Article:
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A dairy truck sits in front of St. Albans Cooperative Creamery Photo courtesy of St. Albans Cooperative Creamery
PLANT IMPROVEMENTS NEEDED: Parts of the St. Albans Cooperative Creamery plant are 75 years old. Planned improvements will make the plant more efficient and increased product storage capacity.

St. Albans Creamery Co-op joins Dairy Farmers of America

The cooperative has more than 300 farmer-members in Vermont, New Hampshire and New York.

Members of St. Albans Cooperative Creamery are officially members of Dairy Farmers of America after members voted to approve a merger with the nation’s largest dairy farmer cooperative.

Harold Howrigan Jr., chairman of the St. Albans board of directors and a sixth-generation dairy farmer, says the vote was overwhelmingly in favor of merging with DFA. The vote was held late last month after a series of meetings where members debated the proposal.

“We’ve been a member co-op of DFA for 16 years. We’re building on that relationship,” Howrigan says. “Our goal all along is to protect our members’ equity and investments they’ve made, and to secure our milk market long term and stabilize it some.”

He says the co-op board has been considering merging with DFA for nearly two years.  

He says the co-op’s infrastructure needs investments and that DFA has pledged to invest between $25 and $30 million over the next few years to upgrade the St. Albans balancing plant and trucking business.  

“We’re very fortunate to be merging with a larger co-op. From a logistical standpoint, change will be minimal from the offset,” he says. “I just feel it’s a great opportunity for us going forward. I’m excited about it.

“Our model of the cooperative wasn’t working, so this is a very net positive.”

Kiersten Bourgeois, business development and communications manager for St. Albans Cooperative Creamery, says the cooperative has just over 300 members that altogether produce 1.2 billion pounds of milk. Half of that milk goes to Ben & Jerry’s, the Vermont-based ice cream maker. Other end customers include Vermont Creamery, Kate’s Homemade Butter, Stonyfield and more.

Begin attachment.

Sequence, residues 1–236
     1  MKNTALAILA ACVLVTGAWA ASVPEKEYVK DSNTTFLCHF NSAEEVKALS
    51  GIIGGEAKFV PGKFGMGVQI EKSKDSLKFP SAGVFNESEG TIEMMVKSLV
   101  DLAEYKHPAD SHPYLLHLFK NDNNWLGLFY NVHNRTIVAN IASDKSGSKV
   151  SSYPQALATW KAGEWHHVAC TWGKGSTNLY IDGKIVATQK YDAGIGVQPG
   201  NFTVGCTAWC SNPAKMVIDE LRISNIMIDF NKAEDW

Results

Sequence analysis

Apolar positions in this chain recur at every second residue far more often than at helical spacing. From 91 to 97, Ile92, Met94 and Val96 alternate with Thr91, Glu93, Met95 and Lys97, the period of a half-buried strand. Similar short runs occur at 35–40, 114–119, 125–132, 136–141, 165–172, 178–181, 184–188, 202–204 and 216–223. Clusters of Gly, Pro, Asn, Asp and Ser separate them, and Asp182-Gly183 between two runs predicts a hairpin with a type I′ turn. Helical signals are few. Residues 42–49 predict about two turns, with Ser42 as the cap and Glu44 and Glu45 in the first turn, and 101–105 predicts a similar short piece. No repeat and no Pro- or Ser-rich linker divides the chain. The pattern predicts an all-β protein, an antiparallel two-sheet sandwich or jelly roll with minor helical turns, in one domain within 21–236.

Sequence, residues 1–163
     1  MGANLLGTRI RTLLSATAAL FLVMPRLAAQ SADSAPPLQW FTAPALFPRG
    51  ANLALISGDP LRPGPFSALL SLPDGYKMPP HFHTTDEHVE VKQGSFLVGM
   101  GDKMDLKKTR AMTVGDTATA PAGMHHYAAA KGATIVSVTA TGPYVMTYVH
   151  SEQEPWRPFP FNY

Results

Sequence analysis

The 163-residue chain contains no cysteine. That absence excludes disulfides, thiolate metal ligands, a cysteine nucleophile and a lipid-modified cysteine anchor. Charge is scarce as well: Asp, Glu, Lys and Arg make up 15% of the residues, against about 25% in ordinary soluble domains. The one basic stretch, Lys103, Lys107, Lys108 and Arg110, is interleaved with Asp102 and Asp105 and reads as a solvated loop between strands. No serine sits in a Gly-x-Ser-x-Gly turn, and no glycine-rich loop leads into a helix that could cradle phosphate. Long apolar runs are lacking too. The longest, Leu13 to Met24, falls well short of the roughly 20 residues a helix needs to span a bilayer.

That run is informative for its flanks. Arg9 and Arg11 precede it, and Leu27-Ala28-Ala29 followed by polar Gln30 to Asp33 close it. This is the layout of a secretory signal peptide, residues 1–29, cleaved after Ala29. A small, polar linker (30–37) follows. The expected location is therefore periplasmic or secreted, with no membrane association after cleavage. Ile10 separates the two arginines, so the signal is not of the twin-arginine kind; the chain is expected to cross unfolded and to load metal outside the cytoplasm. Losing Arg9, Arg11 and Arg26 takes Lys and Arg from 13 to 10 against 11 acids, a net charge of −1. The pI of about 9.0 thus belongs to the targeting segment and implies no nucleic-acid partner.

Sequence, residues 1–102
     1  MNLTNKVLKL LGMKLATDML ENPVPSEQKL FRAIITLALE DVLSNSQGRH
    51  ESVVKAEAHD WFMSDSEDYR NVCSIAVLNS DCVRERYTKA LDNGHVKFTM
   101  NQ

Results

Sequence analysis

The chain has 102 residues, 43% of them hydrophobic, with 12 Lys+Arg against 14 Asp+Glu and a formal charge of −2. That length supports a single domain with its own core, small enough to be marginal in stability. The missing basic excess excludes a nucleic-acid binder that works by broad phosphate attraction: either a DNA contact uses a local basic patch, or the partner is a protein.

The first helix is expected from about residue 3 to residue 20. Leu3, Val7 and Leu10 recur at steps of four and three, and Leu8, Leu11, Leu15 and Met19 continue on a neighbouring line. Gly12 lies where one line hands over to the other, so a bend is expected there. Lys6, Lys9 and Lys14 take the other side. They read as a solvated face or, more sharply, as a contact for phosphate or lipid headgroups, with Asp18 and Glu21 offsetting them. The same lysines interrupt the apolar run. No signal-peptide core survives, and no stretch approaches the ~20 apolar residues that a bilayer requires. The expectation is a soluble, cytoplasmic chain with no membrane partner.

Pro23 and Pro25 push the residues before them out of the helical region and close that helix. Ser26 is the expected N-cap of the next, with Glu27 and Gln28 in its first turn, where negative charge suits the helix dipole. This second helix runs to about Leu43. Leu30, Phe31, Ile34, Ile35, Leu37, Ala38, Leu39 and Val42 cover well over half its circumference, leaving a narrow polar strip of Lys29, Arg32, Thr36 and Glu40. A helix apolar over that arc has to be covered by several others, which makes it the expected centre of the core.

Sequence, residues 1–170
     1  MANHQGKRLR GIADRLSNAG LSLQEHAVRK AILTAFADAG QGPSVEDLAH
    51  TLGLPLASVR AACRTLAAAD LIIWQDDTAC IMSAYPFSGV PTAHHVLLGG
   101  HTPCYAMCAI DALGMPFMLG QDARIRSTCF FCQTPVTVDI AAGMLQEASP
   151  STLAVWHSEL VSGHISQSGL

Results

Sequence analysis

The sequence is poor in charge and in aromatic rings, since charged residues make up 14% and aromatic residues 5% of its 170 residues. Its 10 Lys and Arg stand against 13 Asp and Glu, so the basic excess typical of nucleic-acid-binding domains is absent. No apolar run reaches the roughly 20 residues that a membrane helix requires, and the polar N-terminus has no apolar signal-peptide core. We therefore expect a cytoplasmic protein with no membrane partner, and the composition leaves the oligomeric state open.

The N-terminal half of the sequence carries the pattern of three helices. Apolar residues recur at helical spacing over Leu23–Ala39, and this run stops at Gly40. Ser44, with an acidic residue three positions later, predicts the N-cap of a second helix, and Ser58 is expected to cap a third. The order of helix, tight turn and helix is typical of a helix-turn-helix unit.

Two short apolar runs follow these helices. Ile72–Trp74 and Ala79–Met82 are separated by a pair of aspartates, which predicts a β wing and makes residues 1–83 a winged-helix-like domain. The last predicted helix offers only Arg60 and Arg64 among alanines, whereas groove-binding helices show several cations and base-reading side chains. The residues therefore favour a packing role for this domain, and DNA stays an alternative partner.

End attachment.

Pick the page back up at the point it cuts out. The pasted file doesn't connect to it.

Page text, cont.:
Bourgeois says the plant has sections over 75 years old.

“The plant is being evaluated but improvements will include improving the building infrastructure as a means to increase the efficiency of operations, added product storage and improvements with our milk receiving,” she says.

The merger officially closed on Aug. 1.

St. Albans has been an integral part of the state’s dairy community for the past century and has been a member cooperative of DFA since 2003. 

“During our 16-year partnership we have developed a strong, collaborative working partnership with DFA,” says Leon Berthiaume, CEO of St. Albans Cooperative Creamery. “In many ways, this merger is a continuation of the strategic goals, values and mission of St. Alban’s Cooperative Creamery.”

“We are excited to welcome the hardworking members and employees of St. Albans to the DFA family,” says Brad Keating, senior vice president and COO of DFA’s Northeast Area. “Together, we are committed to investing in continuing the strong tradition of dairy farming in the Northeast.” 

As part of the merger, McDermotts, a hauling company owned by St. Albans, the St. Albans Cooperative Store and St. Albans Cooperative Creamery Plant, will become wholly owned subsidiaries of DFA. In addition, the board of directors of St. Albans Cooperative will continue to represent dairy farmers’ interests as part of DFA’s Northeast Area Council.

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